Objective This was a systematic review of the literature to determine which compression method is superior in promoting ulcer healing and reducing recurrence in patients with lower extremity venous ulcer disease. Methods We conducted a comprehensive search of multiple databases for randomized and nonrandomized comparative studies from 1990 to December 2013. Results We identified 36 studies and two Cochrane systematic reviews. Many studies had moderate risk of bias. We found no overall difference between compression stockings vs compression bandages with respect to ulcer healing, time to ulcer healing, or ulcer recurrence outcomes. When we compared stockings vs short stretch bandages, stockings were superior with respect to ulcer healing. However, stockings compared with four-layer systems showed no difference in ulcer healing outcomes. When four-layer systems were compared with compression with less than four layers, there was also no significant difference in ulcer healing outcomes. Similarly, short stretch bandages were not superior to long stretch bandages with respect to ulcer healing, time to ulcer healing, or ulcer recurrence. One Cochrane review presented many additional comparisons and reported increased wound healing with compression compared with no compression, with multicomponent systems over single component systems, and compression systems with an elastic component over no elastic component. Another Cochrane review demonstrated a reduction in recurrence with compression in patients with healed ulcers. Conclusions At least moderate-quality evidence supports compression over no compression, multicomponent systems over single component systems, and systems with an elastic component over those without. We did not find significant differences with respect to ulcer healing outcomes for other comparisons. Low-quality evidence supports the effect of compression on ulcer recurrence.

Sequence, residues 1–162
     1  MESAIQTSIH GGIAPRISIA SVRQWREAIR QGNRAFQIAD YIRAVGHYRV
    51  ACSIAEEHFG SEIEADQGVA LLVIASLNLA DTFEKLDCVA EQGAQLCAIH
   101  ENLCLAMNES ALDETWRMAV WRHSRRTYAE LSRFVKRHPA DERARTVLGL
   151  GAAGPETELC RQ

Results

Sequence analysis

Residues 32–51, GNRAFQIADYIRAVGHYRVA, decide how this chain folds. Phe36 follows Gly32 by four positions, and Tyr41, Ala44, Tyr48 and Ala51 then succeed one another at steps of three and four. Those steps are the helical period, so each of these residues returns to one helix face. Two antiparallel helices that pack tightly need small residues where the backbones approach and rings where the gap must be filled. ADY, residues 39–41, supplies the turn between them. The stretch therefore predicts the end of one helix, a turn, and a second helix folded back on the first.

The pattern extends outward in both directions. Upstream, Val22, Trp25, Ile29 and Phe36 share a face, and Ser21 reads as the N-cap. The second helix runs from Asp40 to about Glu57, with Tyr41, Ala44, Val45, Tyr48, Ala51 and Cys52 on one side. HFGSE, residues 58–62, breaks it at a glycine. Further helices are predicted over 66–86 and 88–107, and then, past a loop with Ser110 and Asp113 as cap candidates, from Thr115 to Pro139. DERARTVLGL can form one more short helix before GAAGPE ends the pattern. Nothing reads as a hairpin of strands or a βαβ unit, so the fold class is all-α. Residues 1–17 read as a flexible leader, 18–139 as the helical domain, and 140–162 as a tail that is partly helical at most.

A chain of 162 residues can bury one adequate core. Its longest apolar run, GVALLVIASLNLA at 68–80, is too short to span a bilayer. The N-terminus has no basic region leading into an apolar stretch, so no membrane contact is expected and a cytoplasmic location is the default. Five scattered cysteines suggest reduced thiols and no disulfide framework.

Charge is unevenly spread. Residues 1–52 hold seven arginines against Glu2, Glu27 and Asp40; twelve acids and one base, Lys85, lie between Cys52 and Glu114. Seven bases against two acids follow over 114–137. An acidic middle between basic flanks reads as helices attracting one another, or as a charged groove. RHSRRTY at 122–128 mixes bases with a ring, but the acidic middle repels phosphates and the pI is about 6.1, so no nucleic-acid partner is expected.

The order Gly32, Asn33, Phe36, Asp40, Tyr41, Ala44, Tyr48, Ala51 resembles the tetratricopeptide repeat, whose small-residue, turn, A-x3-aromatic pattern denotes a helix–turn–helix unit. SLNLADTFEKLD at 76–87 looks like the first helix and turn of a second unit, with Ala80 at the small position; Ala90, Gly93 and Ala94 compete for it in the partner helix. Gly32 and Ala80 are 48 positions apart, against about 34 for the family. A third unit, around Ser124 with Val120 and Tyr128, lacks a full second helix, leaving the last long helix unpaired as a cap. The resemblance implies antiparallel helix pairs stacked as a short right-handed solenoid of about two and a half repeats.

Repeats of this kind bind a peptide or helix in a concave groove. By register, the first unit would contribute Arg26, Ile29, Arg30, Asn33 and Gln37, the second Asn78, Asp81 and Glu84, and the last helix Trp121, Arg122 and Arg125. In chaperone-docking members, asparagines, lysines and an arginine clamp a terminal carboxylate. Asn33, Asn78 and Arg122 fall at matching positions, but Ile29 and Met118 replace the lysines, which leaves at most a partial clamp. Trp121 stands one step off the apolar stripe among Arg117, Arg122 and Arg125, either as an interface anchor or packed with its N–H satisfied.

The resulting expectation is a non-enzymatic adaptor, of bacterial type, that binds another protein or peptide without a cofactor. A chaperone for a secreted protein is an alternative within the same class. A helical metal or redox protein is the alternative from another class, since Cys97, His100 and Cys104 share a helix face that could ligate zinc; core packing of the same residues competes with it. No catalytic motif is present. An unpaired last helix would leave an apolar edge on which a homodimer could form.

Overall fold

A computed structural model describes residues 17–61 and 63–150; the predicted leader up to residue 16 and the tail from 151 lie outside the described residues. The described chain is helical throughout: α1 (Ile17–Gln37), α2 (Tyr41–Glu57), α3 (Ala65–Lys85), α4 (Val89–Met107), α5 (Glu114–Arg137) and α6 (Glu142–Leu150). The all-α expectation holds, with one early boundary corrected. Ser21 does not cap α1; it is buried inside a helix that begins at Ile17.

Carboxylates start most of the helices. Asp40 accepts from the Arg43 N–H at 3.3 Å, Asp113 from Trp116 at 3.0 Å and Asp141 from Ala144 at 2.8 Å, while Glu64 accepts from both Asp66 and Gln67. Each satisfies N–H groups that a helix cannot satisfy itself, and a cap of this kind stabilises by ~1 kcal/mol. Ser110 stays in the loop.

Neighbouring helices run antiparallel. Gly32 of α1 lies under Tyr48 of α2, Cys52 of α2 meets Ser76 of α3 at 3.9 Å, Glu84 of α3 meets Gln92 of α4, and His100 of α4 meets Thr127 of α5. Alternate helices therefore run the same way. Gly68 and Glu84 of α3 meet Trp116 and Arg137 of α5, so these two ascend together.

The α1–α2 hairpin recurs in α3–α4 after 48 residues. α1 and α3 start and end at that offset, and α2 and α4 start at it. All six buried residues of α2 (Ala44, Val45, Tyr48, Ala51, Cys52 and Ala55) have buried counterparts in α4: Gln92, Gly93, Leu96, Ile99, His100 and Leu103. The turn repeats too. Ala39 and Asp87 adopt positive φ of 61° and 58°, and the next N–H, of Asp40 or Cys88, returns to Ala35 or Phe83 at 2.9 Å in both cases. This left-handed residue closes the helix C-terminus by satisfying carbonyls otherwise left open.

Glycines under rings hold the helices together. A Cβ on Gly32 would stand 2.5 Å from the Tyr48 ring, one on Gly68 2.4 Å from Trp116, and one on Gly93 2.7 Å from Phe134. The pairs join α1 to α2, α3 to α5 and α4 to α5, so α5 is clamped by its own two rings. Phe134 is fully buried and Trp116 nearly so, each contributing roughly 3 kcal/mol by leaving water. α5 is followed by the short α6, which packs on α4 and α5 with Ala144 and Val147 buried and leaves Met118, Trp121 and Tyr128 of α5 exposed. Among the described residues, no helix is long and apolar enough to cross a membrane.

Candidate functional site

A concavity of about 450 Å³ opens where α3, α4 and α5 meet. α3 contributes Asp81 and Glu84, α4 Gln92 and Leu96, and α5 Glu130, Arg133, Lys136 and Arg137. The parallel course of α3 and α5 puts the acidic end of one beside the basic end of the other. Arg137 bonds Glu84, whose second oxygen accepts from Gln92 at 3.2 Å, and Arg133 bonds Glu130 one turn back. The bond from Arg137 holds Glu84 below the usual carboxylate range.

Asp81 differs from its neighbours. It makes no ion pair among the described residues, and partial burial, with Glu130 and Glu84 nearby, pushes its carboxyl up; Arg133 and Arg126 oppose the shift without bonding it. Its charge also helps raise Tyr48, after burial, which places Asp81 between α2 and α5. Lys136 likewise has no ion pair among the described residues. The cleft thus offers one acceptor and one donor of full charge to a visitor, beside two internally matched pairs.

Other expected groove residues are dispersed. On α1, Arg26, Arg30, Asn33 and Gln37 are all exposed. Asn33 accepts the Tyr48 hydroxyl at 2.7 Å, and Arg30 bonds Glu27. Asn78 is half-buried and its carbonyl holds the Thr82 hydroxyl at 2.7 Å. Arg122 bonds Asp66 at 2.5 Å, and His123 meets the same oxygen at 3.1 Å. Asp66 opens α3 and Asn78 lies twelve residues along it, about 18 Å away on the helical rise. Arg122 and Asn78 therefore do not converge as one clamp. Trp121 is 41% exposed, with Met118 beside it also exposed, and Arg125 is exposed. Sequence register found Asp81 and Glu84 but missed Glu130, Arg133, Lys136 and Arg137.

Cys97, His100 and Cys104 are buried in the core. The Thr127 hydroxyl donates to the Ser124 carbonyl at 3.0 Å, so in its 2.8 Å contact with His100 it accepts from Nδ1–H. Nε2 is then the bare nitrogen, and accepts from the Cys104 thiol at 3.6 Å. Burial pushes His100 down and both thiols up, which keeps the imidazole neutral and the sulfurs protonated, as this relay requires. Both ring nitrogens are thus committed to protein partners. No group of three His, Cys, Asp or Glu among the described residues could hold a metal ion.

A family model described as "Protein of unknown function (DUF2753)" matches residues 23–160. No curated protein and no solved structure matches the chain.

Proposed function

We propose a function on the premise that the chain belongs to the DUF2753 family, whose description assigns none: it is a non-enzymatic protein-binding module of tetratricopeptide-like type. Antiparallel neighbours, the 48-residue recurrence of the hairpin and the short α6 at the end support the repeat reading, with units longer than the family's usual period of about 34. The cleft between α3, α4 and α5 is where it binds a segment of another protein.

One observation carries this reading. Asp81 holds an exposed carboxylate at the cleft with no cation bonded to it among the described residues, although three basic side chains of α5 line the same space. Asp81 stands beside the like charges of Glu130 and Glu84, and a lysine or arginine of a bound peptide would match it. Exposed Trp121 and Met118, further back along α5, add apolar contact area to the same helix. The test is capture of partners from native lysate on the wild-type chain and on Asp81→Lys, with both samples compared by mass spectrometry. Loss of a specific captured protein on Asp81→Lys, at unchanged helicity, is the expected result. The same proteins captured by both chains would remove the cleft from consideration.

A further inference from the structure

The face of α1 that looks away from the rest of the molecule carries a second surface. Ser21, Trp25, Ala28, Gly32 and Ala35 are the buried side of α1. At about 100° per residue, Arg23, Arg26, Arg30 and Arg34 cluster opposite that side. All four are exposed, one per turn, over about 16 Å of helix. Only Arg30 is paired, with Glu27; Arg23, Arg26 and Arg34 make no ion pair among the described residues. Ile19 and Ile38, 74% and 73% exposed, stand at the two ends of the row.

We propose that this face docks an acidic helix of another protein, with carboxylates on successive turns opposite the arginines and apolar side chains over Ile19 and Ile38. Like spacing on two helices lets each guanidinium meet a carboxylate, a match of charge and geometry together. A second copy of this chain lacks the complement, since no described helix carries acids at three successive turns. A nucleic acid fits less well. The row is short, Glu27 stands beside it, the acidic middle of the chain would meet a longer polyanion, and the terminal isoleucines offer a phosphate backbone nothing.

ASJC Scopus subject areas
- Cardiology and Cardiovascular Medicine